|Relatively light read during commute|
"Is love an art? Then it requires knowledge and effort."
- Erich Fromm
Book : The Art of Loving by Erich Fromm (Introduction by Peter D. Kramer)
"The reading of this book would be a disappointing experience for anyone who expects easy instruction in the art of loving." This is the first line of the book's preface by Erich Fromm. He must've been waaaay ahead of his time if he knew that our culture today would be scouring the self-help sections of bookstores trying to find the easiest instruction manual on love and relationships.
"The Art of Loving" is written simply enough for the average, generally-informed reader to comprehend the book. At the same time, Fromm writes with elegance, clarity, and depth, you'd think this book was written by some Eastern guru (then again he studied religions extensively in his college years). He understands the society's consumerist approach about love and how it came to be. He's not one to sugarcoat. We all get the idea of how to be loved: by being the smartest, funniest, wittiest, most well-groomed, the perfect "package", and more often than not, we strive to be more lovable than to learn how to love.
From the moment we were born, we really didn't have to do much to be loved. The fact that we are someone's flesh and blood already means we are loved (in most cases anyway) regardless if we cry non-stop or make finger paintings on the kitchen walls. At some point in our lives, after looking at our parents' relationships, after listening to hundreds of love songs and watching romantic movies, we assume we already know how to love someone.
Fromm writes that "behind the attitude that there is nothing to be learned about love is the assumption that the problem of love is the problem of an object, not the problem of a faculty."
We think that loving is simple and it's only the matter of finding the right object to love that is difficult. On the contrary. Fromm traces this attitude back to Victorian Age, when the norm was marriages were contracted on the basis of social conventions. Love that time was not a "spontaneous, personal experience" and feelings were suppose to develop post-marriage conclusion. The notion of romantic love with the recent generations have become an "almost universal" concept in the Western world. This newfound concept of freedom in love almost immediately emphasizes that love would be easy if we find the right object- as against developing the attitude and practice of love itself.
Fromm adds that the wrong assumption that there is nothing to be learned about love "lies in the confusion between the initial experience of falling in love and the permanent state of being in love." The miracle of sudden intimacy and letting the walls between two people break down is all the more exciting and exhilirating for people who have been "shut off, isolated, without love." This is extremely heightened by sexual attraction and consummation.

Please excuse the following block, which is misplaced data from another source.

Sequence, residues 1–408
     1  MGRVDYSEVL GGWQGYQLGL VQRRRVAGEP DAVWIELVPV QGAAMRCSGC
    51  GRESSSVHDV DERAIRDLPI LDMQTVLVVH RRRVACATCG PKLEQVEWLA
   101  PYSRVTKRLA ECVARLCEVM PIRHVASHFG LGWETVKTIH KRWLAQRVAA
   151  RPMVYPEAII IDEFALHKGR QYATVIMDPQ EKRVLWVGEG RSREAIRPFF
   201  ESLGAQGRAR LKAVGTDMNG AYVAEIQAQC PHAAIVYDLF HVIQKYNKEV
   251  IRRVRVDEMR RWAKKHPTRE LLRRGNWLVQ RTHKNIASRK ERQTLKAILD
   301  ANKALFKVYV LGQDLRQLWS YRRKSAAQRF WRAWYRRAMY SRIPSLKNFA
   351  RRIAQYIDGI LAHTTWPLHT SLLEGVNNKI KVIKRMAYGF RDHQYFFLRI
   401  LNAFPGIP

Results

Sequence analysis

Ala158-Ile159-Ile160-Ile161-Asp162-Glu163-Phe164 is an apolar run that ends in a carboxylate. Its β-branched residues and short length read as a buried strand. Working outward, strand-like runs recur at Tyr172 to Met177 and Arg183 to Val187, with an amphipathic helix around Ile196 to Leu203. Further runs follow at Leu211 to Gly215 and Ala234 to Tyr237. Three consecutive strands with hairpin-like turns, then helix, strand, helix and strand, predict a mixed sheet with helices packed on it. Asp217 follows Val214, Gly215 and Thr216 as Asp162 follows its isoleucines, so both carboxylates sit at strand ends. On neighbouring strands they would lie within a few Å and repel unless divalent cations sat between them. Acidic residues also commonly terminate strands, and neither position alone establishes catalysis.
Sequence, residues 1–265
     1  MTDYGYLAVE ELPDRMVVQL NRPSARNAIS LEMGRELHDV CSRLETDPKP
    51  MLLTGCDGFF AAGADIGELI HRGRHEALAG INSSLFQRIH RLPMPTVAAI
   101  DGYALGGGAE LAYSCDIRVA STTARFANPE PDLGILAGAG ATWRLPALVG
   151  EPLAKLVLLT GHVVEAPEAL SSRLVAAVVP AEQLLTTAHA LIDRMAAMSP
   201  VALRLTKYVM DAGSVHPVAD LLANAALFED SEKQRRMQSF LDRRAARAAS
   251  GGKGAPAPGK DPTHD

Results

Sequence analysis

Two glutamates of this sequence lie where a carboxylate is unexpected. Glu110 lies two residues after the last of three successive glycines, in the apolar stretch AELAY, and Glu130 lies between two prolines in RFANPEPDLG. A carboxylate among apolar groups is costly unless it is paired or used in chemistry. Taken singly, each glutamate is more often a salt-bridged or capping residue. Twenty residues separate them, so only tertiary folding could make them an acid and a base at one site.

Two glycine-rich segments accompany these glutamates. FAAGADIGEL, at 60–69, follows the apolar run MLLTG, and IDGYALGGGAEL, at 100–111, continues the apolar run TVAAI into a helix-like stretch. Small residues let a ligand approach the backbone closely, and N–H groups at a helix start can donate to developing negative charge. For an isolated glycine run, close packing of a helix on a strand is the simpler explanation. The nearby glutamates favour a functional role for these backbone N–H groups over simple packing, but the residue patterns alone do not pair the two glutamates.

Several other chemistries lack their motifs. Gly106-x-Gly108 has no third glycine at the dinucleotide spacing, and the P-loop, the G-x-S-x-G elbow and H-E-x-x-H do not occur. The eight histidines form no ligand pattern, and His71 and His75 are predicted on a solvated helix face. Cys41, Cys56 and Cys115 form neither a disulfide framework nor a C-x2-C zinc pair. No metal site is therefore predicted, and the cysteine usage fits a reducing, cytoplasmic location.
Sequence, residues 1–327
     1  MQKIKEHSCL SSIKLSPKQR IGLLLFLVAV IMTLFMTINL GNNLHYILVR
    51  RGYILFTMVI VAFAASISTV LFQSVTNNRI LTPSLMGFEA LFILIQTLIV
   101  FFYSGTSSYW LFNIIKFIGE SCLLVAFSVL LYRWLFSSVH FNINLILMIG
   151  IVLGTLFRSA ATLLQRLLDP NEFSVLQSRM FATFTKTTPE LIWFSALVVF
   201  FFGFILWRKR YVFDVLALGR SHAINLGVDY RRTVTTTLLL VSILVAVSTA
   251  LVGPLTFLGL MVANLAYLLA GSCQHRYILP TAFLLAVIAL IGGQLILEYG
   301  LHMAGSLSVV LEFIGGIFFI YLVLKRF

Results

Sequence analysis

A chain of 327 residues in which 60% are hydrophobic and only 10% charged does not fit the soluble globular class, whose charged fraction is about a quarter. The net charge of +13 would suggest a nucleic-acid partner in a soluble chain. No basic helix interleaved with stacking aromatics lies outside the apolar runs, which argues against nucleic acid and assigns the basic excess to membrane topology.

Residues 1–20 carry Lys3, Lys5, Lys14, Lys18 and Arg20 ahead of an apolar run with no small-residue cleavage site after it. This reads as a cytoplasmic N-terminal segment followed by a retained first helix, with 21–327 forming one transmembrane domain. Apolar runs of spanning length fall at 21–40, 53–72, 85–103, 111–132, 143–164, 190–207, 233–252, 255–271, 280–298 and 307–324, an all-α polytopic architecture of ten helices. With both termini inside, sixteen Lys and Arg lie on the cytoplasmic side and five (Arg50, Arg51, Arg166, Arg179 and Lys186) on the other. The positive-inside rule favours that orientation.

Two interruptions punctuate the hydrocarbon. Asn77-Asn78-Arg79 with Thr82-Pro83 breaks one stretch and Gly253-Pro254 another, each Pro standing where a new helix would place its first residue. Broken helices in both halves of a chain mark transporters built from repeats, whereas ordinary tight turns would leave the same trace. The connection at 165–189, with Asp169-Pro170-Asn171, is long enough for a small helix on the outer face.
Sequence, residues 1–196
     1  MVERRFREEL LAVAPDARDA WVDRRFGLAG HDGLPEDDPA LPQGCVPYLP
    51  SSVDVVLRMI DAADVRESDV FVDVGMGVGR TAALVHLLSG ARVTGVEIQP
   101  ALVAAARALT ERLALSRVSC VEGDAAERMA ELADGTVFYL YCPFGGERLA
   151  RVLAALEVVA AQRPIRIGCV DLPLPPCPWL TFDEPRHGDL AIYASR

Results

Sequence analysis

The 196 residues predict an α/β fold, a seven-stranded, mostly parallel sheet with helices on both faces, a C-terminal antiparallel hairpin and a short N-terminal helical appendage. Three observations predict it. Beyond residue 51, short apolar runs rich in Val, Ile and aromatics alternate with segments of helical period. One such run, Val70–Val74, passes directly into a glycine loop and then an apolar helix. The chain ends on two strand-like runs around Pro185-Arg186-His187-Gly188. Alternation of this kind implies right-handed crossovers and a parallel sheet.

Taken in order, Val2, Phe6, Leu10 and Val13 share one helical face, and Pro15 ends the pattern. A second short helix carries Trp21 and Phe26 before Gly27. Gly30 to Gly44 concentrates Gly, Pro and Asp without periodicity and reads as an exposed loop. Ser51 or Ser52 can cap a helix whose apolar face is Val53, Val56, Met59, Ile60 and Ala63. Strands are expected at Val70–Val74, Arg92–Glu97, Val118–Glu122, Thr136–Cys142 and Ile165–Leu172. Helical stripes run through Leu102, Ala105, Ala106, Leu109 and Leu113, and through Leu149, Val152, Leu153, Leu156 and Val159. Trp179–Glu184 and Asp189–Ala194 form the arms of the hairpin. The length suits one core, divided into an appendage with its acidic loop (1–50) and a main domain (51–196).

Fromm warns: "this type of love is by its very nature not lasting". These persons gradually become well-acquainted, more familiar and more comfortable with their intimacy that it eventually loses the initial miraculous and exciting character until disappointment and mutual boredom kill what's left of the attraction. More often than not, people aren't aware of this, mistaking the intensity of the infatuation as intensity of their love.
Fromm is one to talk from experience. He was married three times:
1. Frieda Riechmann, a physician and psychoanalyst who was noted for her groundbreaking work in schizophrenics.
2.Henny Gurland, a professional newspaper photographer. Committed suicide after years of tolerating a painful illness.
3.Annis Freeman, accompanied him on his month-long visits and supported his involvement with the United States politics in spheres of disarmament and peace movements.
Fromm criticized Sigmund Freud's theories to be "narrow and mechanistic" and it "overemphasized sex" and that Freud failed to "understand sex deeply enough." Freud's theories explained human behavior via inborn instincts tamed through repression and "domesticated by society." Fromm believed that humans were always social creatures acting within a social structure.
Fromm viewed love much differently in his time when society saw no other purpose for love other than the Freudian approach to satisfy one's sexual needs and that love is an irrational emotion. In his book, to achieve love as an art, we must have mastery of the theory and mastery of the practice. This book is roughly a hundred pages about the theory and practice of love written in simple language yet it is remarkably poignant, insightful, and isn't afraid to tackle questions that most of us don't want to bring up. Fromm is one of the most prominent psychoanalysts who writes from a place of compassion and experience, and probably the only scholar who considered love as central to his studies. He explores love in all aspects, starting with parent-child relationships, brotherly love, erotic love, self-love, love of God, and romantic love.
Peter D. Kramer notes in his introduction:
"He has particular contempt for glossy magazine articles in which happy marriages looks corporate middle management... Even love as "haven from aloneness" is bound to fail. To love at all is to be engaged with humankind, with eyes open."
"My beautiful Love, I love you so that it hurts but the hurt is sweet and wonderful. I wish you feel it in your sleep."
- One of Fromm's messages he wrote in the 70's for his wife, Annis, when he awakened before her.
|LOVE WHY IS THIS|